Bottom line is do what you have to in order to stabilize your panic attacks, but please don't give up on CPAP therapy just yet.

From a mentality perspective ... Remember those four good nights and look forward to more of those. The good nights are ahead waiting for you to crack the combination of settings and techniques that will clear the way for them to return permanently.

You know they are attainable because you did it for four nights in a row without breaking a sweat. The bad nights are the anomaly, and the good nights are the norm. You are simply in a learning process, and it will get better once you can get beyond the panic stage.

Believe me I know this is difficult right now for you. But it is very doable and you deserve the good things that will come from mastering this CPAP therapy.

Saldus Miegas
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#26
Not so sure how good the SleepyHead data is on good vs bad nights. I was alternating awake and asleep for all four, averaged about 4-5 hours, so it's pretty messy chaotic stuff and my AHIs aren't accurate. Also my polysomnography did not include a titration study - instead they gave me an APAP and set it to the widest range possible.

Anyway I'm sure the issue is insomnia and not CPAP. I've been dealing with a rebound of insomnia since my sleep study and I had bad sleep hygiene the day it was triggered - and insomnia tends to cause anxiety which causes more insomnia, so, snowball effect.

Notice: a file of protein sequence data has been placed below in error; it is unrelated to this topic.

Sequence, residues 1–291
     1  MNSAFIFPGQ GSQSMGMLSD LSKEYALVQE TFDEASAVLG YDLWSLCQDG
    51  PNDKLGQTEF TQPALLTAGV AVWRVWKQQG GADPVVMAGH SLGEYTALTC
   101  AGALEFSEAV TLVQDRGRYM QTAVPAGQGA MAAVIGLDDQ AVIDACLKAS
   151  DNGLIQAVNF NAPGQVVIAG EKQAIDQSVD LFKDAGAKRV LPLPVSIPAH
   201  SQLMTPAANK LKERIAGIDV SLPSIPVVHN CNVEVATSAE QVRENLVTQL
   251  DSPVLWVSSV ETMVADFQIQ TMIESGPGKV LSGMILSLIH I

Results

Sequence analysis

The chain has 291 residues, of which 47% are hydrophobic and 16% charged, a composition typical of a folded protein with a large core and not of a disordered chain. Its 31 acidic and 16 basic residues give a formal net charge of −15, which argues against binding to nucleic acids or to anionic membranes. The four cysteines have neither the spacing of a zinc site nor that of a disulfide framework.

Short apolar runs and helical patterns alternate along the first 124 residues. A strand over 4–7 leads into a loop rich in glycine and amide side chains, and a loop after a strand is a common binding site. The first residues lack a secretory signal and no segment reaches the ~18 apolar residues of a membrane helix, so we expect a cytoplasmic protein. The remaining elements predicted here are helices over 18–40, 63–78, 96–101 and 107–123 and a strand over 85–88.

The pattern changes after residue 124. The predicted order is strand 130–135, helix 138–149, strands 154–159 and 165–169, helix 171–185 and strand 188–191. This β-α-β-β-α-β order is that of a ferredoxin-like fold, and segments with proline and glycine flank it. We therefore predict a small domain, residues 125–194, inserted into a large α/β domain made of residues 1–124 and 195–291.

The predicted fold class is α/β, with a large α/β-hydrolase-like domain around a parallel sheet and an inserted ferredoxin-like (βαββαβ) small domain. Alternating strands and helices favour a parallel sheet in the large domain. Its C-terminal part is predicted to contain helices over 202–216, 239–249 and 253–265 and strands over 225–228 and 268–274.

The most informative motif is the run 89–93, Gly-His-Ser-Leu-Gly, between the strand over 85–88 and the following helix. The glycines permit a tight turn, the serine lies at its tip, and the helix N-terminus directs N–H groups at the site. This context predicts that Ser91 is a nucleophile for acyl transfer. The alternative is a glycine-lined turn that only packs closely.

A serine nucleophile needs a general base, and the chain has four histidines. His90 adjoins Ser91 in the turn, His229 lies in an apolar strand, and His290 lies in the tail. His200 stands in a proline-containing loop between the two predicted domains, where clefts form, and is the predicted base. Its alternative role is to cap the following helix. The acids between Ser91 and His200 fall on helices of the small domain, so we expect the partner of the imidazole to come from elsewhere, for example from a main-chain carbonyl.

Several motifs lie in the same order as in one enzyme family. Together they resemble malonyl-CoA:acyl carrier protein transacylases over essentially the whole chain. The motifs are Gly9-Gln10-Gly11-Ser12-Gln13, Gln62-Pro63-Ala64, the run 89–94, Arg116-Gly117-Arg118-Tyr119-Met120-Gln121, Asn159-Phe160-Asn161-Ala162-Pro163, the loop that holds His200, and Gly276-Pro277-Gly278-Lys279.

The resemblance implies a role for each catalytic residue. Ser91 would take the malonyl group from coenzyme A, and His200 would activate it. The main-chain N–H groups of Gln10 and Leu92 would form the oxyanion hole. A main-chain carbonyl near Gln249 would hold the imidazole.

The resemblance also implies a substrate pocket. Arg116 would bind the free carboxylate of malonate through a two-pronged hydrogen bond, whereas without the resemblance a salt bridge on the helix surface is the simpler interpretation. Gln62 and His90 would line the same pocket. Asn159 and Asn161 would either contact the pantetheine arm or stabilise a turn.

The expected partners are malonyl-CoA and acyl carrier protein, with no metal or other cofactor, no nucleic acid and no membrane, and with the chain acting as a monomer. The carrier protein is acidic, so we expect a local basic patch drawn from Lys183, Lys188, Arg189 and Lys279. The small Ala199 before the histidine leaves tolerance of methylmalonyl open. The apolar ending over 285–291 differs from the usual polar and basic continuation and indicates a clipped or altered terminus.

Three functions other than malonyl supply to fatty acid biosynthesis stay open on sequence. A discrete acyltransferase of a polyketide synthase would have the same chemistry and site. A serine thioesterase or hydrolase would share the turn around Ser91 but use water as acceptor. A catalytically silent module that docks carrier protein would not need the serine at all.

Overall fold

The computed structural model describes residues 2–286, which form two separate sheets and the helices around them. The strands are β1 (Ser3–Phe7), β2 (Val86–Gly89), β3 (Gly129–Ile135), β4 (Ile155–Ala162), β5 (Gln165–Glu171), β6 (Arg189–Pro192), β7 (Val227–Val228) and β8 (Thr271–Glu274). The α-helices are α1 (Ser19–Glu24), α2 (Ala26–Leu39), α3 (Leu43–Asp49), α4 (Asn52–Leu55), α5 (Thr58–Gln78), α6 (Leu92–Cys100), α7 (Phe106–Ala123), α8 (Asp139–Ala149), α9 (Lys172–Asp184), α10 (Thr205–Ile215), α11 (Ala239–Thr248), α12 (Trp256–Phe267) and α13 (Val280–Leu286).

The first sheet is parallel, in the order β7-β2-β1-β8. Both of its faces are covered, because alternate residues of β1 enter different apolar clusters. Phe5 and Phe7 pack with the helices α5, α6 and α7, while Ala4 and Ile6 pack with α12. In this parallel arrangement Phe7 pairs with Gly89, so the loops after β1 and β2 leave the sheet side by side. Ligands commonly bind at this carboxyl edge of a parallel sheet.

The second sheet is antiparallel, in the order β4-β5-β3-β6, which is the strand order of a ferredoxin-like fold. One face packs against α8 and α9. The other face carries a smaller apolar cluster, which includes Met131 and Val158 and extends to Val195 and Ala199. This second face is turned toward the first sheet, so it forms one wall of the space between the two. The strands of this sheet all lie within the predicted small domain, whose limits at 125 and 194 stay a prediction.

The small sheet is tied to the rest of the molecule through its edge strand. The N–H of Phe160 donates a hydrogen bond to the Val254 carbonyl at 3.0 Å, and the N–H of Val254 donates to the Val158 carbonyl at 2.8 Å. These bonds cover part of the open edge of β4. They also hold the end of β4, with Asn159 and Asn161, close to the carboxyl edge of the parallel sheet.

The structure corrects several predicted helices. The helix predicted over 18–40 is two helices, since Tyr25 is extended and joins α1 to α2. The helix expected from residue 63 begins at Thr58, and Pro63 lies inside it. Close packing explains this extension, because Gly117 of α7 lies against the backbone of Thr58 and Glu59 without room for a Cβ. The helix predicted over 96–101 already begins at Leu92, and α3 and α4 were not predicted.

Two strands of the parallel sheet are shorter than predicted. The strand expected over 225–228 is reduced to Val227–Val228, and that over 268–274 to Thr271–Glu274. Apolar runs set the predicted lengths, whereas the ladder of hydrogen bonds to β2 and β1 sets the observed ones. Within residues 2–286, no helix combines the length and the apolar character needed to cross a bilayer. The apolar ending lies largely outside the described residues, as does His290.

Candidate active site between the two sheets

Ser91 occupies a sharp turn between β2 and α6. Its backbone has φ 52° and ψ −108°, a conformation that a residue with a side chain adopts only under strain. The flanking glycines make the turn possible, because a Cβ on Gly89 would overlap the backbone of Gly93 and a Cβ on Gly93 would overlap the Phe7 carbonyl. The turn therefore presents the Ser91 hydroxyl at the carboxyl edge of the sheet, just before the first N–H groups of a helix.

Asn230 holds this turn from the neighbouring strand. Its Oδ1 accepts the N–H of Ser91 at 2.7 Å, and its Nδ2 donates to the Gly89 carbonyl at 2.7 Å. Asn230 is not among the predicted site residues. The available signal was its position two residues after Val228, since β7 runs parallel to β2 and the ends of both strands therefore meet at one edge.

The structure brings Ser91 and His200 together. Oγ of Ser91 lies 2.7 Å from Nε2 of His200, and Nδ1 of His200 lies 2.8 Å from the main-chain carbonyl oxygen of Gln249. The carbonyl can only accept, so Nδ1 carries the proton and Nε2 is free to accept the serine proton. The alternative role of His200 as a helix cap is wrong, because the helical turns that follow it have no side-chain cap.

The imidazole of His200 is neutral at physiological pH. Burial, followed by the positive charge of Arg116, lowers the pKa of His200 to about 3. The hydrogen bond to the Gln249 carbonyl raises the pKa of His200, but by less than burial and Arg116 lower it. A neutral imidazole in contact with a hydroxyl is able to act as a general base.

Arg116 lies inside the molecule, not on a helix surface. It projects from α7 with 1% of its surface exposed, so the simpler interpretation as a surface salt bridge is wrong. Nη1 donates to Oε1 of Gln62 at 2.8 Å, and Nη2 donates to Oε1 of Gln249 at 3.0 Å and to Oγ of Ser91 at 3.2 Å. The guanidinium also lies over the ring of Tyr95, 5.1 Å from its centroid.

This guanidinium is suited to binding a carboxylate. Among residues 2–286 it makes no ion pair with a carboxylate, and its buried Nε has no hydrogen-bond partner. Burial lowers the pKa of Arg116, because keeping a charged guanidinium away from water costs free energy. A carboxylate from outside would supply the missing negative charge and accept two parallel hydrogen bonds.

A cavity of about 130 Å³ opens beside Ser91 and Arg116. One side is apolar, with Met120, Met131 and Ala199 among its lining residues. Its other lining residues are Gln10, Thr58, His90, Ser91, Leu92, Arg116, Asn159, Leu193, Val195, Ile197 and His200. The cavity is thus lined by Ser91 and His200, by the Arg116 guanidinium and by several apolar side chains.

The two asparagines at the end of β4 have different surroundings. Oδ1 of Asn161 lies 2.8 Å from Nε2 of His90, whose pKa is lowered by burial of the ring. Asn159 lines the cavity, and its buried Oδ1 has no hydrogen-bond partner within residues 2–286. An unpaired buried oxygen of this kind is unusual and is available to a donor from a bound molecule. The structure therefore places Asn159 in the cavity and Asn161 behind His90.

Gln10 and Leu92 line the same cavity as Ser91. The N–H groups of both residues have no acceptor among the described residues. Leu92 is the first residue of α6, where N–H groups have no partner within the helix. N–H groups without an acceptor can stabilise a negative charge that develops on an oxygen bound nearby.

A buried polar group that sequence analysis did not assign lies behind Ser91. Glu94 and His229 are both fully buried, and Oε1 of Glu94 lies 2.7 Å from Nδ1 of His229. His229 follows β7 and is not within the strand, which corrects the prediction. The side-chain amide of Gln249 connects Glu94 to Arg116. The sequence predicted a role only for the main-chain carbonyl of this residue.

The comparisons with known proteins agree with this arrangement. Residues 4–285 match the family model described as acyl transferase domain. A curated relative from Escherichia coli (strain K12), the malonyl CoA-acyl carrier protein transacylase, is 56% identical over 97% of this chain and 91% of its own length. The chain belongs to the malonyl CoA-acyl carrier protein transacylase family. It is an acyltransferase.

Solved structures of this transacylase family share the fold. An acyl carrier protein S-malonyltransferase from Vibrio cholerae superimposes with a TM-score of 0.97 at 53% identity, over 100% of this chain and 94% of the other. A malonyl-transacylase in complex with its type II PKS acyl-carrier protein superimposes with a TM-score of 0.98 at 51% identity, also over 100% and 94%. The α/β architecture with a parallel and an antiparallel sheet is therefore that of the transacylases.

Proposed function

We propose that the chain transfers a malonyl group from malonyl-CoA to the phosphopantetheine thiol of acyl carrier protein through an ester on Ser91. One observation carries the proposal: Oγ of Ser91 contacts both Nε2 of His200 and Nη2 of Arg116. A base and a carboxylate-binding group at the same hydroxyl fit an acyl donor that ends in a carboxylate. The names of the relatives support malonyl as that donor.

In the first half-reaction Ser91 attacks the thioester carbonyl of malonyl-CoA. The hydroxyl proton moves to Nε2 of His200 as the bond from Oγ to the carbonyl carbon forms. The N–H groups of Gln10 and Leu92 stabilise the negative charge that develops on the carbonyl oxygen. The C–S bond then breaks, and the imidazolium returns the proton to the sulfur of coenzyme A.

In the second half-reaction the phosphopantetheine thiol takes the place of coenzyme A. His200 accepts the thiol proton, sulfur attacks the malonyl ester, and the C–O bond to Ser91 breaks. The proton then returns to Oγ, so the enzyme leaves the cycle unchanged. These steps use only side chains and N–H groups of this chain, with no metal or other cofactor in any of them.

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#27
My doctor's nurse didn't call in the prescription last night, but I got out to see my psychiatrist's NP, and got back on Zoloft and Ativan, which cured my insomnia last time along with CBT and mindfulness meditation. Took 1mg Ativan and slept like a baby, though without the cpap because I wanted to guarantee a full night.

Feeling pretty crappy, now knowing the difference between a night on the CPAP and a night off. I cried again this morning. But I don't feel insane and freaked out like I felt yesterday on so little sleep.

So it's back on the horse tonight, with half an Ambien to help me get there. I see a new insomnia therapist on Thursday that work is gonna pay for.

Gonna get through this.
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#28
You do keep mentioning "oxygen starvation", with only a few replies to THAT (Thanks Saldus, for addressing it). In addition to pressure settings, consider your mask size.